This post originally appeared on the Kilts Center Faculty Blog.
Holiday times is peak toy season. Children spend a lot of time thinking about the toys they want, often the hottest toys of the year. Parents spend a lot of time—and money—thinking about the toys they want to get their children, and about whether the toys will educate and broaden childrens' horizons.
This “duality” underlying toy marketing has been well understood by marketers and is perhaps best reflected in the marketing of the original Barbie doll in 1959. Ruth and Elliott Handler, the founders of Mattel Inc. and the creators of Barbie, used the Mickey Mouse Club as an advertising platform to reach young children who were the primary audience for the show. But even more importantly, the doll was positioned as a teaching tool that parents could use to teach their daughters various social graces. Since market research had indicated that parents would otherwise by reluctant to purchase for their kids a doll in the shape of an adult woman, the positioning strategy, suggested by a Viennese psychologist Ernest Dichter, was critical.
Fast forward to the present day, and we still see strong evidence of the duality. As fathers do more of the shopping and spend more time taking care of the children, there is an increased interest in buying toys that they can play with the kids. But how can dads engage with daughters who are interested in playing with their Barbies? Enter the Mega Bloks Barbie Build ’n Style construction line or Legos Friends construction sets, which let girls construct and decorate houses and other hangouts for their dolls. These products are targeted at young girls but also make it easier for dads to engage in their playtime activities.
At the same time, these products serve many other purposes. There appears to be an educational benefit, as kids playing with blocks and other construction sets can develop their spatial skills. Further, in the case of Barbie, the Mega Bloks line broadens the appeal of the core product by providing additional ways for the child to engage with the doll. After all, who wouldn’t want to build a cute dog house for Barbie’s puppy pals? And in the case of Lego, it allows the firm to reach a demographic that previously was less engaged with the product line, namely young girls who can now build cafes, houses, and clinics for a cast of characters—Andrea, Emma, Mia, Olivia, and Stephanie.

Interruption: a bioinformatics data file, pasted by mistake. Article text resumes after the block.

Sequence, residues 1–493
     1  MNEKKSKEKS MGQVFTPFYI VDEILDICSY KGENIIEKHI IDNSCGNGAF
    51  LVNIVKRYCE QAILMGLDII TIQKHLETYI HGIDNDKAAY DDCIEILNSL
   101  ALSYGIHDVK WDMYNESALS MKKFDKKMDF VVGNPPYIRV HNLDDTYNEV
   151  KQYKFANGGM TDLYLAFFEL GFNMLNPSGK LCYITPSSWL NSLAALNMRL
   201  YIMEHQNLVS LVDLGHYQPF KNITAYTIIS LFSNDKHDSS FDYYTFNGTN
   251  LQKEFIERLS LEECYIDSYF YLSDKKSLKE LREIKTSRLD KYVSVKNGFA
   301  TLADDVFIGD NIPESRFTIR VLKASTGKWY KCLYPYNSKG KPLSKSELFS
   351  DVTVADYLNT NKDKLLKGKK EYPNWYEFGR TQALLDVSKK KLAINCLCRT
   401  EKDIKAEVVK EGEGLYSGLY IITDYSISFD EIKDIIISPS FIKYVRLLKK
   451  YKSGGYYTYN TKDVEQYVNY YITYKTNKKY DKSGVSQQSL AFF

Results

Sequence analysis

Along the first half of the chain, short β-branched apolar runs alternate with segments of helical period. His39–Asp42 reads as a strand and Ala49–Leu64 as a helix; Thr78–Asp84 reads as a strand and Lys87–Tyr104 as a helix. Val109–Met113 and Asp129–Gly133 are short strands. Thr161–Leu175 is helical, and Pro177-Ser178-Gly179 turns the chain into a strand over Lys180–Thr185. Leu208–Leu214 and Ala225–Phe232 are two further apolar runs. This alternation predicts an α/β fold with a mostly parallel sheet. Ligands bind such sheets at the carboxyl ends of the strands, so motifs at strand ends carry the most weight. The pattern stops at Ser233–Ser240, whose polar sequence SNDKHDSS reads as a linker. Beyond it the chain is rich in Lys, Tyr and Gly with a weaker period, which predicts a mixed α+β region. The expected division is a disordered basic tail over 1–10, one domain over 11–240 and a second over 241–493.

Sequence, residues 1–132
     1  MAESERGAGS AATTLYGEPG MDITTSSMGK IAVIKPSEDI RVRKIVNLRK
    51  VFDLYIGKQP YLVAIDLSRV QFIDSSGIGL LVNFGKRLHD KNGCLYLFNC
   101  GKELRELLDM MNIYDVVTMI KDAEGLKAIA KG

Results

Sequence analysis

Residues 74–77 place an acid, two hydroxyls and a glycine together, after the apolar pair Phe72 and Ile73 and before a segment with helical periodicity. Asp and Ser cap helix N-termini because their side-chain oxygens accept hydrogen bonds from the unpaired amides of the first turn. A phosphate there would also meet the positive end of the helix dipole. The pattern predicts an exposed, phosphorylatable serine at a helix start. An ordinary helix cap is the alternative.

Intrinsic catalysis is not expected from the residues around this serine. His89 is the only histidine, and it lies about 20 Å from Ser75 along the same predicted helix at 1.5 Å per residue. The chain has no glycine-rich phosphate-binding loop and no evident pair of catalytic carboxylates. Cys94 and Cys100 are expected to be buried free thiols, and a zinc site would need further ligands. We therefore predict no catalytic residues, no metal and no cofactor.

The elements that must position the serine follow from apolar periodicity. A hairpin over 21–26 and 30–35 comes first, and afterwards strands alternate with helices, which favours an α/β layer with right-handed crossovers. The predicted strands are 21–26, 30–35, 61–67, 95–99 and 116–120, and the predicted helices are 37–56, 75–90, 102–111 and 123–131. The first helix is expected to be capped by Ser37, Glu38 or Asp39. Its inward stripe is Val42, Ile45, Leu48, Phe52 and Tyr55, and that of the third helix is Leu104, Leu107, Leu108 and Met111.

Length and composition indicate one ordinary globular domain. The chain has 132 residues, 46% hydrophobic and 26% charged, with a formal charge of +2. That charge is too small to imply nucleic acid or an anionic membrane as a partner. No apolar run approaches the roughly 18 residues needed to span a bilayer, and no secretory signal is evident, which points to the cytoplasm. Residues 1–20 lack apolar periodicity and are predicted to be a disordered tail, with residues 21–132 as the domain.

The desire to broaden the demographic appeal of a product line is fueled by several factors. First, it’s fueled by firms’ need to grow—witness Nintendo’s ability to engage girls and older consumers with their Wii console and games, which enabled the firm to fight back against Sony and Microsoft. Second, it’s fueled by the changing preferences of the target consumer.It’s no longer just “Ralphie” Parker from A Christmas Story who craves a Red Ryder BB gun; Princess Merida from the movie Brave receives a bow from her father, King Fergus, as a present. Indeed, Barbie itself suffered during the 1970s, when it was viewed as being “out of touch” with the consumer, before coming back strongly during the 1980s. Third, countries like Sweden would prefer gender neutrality in toy advertising. As was noted in the Wall Street Journal, comparing catalogs from Swedish toy retailer Top-Toy with some from its Danish counterparts shows that in Top-Toy, “girls have replaced boys in some photos featuring toy guns, and boys have swapped places with girls in photos featuring dolls and stuffed dogs.”
In broadening the demographic appeal of their products, marketers should keep in mind two critical lessons. One needs to have sufficient resources to direct towards the enterprise without starving the company’s core product line. Otherwise companies might end up feeling like Bilbo Baggins in The Lord of the Rings, “sort of stretched, like... butter scraped over too much bread.” Second, the foray should not upset the core consumer of the business. Recall how McDonald’s advertised the Arch Deluxe, a burger targeted at adults. The ads showed young children, a core customer base for McDonald’s, looking at an Arch Deluxe burger and saying things like, "I don't get it," and "I don't understand what the big deal is." One even called the burger "yucky." Appealing to two audiences may be tricky, but you never want, or want to show, your core customers thumbing their noses at your products.